So after sending off a few letters to companies sending me some junk mail, I got a rather pleasing response from the Halifax to this strongly-worded letter of complaint…a few personal highlights of my original letter are here:
If you had put in ‘a little extra’ effort invading my privacy, you would have discovered that I am a recently-graduated student. Consequently not only am I educated enough to realise the imprudence of light-heartedly taking out credit cards, but also I am very aware of potential financial difficulties ahead, and do not wish to willingly exacerbate them further.
I can only conclude that you as a company either use the [recycling] symbol with deliberate sarcasm, or you naively don’t understand these simple manufacturing processes. Luckily, I’m quite the optimistic individual and I obligingly enclose your letter for you yourself to recycle (many thanks for your paid envelope for this purpose), and trust that you will adjust your policies accordingly.
And the letter I got in the post this morning:
Dear Miss de Mello
Thank you for your letter dated 3rd October. I am sorry that you are unhappy at receiving unsolicited mail marketing from Halifax…
Having considered the comments you have made, my understanding of your complaint is that :
– You have received a mailing from us offering you a Halifax credit card and you wish to be removed from our marketing database.
– You wish an explanation as to where we obtained your address details
No shit. To be fair, she did have to wade through the swathes of sarcasm my letter was dripping in, to get at what I wanted, so kudos to her. She went on to say that:
I have checked our records and have noted that in Septeber 2005 you made an application for a current account. This account was never opened, however this application has created a customer file for you.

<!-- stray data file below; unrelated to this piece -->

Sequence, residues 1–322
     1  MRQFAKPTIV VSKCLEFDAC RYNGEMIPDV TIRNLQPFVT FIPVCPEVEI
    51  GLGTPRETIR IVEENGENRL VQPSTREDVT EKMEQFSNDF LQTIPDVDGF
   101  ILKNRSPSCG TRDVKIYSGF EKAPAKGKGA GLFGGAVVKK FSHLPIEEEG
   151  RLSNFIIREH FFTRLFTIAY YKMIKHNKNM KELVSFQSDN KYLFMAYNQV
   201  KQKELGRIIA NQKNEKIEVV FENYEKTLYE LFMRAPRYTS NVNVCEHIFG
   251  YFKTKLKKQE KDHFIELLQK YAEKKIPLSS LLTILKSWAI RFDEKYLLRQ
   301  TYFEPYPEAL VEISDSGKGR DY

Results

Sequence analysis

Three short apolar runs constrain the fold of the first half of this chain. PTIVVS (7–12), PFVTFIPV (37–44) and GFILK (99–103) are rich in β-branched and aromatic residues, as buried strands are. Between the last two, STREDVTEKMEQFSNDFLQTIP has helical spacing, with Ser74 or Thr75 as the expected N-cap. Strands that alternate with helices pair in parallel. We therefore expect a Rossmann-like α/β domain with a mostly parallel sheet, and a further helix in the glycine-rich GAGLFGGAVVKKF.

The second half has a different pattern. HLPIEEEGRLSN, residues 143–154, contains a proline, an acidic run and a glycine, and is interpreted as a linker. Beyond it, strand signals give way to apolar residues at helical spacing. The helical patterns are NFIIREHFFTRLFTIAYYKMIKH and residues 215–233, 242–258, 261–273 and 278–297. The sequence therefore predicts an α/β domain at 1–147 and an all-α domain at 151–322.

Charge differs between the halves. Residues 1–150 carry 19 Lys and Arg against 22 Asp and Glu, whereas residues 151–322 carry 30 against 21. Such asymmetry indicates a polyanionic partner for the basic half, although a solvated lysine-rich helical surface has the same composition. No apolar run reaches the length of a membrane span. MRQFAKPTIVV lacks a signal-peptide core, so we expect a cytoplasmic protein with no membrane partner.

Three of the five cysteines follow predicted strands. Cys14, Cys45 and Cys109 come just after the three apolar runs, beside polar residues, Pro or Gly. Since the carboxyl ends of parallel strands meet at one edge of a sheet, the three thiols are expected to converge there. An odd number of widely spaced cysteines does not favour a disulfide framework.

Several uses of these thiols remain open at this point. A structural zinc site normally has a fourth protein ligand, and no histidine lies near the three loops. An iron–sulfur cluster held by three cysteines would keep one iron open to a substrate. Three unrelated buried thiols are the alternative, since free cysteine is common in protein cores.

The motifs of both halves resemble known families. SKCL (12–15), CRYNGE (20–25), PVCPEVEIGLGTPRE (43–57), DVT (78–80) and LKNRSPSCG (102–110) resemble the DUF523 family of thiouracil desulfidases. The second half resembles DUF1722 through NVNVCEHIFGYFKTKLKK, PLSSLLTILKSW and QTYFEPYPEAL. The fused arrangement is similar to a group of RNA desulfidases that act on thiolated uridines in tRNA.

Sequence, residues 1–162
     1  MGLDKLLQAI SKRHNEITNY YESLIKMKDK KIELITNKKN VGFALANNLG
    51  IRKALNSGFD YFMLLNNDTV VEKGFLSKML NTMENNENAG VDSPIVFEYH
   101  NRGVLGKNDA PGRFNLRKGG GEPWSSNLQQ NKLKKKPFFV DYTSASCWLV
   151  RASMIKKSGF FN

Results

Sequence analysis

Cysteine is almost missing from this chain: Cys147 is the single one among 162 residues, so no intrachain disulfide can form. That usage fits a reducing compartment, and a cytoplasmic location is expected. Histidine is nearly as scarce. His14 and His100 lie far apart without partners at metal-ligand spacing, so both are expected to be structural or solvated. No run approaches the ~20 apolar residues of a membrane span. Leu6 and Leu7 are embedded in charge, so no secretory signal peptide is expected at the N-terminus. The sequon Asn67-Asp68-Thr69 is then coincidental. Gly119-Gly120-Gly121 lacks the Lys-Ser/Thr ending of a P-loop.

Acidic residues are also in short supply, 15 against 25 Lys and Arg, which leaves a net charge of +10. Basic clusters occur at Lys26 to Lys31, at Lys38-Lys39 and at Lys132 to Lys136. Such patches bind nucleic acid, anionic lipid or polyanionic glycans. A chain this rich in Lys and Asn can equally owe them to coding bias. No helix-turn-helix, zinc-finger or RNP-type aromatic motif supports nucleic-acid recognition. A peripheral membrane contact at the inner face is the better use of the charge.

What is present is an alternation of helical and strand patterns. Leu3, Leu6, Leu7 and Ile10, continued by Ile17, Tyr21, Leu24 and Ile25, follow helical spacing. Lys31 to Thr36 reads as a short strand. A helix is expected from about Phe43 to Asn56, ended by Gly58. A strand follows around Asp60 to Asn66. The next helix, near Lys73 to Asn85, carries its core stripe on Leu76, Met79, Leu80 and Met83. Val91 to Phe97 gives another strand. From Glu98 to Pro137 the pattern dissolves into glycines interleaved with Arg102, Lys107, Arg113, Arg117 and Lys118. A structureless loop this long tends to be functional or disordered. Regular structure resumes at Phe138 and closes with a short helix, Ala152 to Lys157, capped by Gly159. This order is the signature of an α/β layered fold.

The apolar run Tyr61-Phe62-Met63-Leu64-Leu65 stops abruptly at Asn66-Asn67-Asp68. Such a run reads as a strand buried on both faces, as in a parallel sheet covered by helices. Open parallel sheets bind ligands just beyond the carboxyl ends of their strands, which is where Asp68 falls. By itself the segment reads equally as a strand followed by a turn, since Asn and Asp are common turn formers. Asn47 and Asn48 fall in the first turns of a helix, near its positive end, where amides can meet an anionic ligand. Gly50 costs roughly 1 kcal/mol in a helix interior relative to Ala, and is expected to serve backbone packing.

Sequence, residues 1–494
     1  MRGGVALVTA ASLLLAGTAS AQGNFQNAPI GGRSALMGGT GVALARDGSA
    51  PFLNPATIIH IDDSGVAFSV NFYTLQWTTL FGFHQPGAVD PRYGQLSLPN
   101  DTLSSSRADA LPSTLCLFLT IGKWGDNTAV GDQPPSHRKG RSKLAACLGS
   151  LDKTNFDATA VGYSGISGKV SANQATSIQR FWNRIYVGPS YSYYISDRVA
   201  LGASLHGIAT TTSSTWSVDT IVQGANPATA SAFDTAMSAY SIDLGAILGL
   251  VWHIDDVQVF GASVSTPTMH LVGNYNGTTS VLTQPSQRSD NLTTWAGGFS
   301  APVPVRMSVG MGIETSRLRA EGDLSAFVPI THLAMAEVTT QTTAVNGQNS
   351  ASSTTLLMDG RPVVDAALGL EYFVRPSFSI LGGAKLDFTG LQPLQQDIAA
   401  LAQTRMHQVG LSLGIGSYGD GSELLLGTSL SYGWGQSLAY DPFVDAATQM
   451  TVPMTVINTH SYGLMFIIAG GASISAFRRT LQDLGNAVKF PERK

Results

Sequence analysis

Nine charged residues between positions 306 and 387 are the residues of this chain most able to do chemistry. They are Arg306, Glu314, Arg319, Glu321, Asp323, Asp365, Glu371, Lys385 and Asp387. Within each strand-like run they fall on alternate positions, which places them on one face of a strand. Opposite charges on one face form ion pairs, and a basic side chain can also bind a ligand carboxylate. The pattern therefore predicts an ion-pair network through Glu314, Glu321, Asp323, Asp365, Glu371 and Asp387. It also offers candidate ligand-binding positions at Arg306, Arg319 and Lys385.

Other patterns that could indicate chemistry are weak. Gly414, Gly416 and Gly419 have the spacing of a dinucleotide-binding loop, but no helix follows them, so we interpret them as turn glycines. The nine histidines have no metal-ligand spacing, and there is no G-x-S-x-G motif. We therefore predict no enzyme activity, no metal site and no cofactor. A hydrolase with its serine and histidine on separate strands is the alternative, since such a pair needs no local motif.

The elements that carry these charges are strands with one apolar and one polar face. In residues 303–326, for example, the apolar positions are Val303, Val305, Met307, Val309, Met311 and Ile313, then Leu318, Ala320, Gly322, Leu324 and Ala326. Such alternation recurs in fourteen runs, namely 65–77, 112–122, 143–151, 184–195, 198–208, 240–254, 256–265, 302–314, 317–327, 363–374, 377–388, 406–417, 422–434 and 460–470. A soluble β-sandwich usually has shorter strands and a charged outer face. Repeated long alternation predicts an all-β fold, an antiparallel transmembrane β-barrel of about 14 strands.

It is possible for a customer to opt out from marketing by mail or telephone at any time. However as an account was never opened you have not been given this opportunity and your name and address have been added to our marketing database.
Wait, let me get this straight. I applied for a student account at the beginning of my degree, you turned me down on the basis that I didn’t have a credit record (who at the age of eighteen does?!), and then you had the cheek, though you’d refused me an account for not being able to guarantee my ability to repay any debts, add me to your marketing database anyway?!
The irony is that though they didn’t considered me a poor candidate for a student account for having no credit record (i.e. being a good manager of my own finances and having never needed bank credit) they’ve coincided sending me offers of credit cards along with the finishing of my degree, after I needed the potential borrowing facility to pay for university expenses.
Anyhoo, the ‘proposed solution’ the lovely customer relations lady has offered me is that my details have been removed from their database, and it will be no longer than 28 days before I stop receiving junk from them.
Wahey! Though I hope that I never need credit in the future – perhaps they’ve just shifted me from ‘marketing database’ to the ‘blacklisted forever, especially when they desperately needs a mortgage’ one.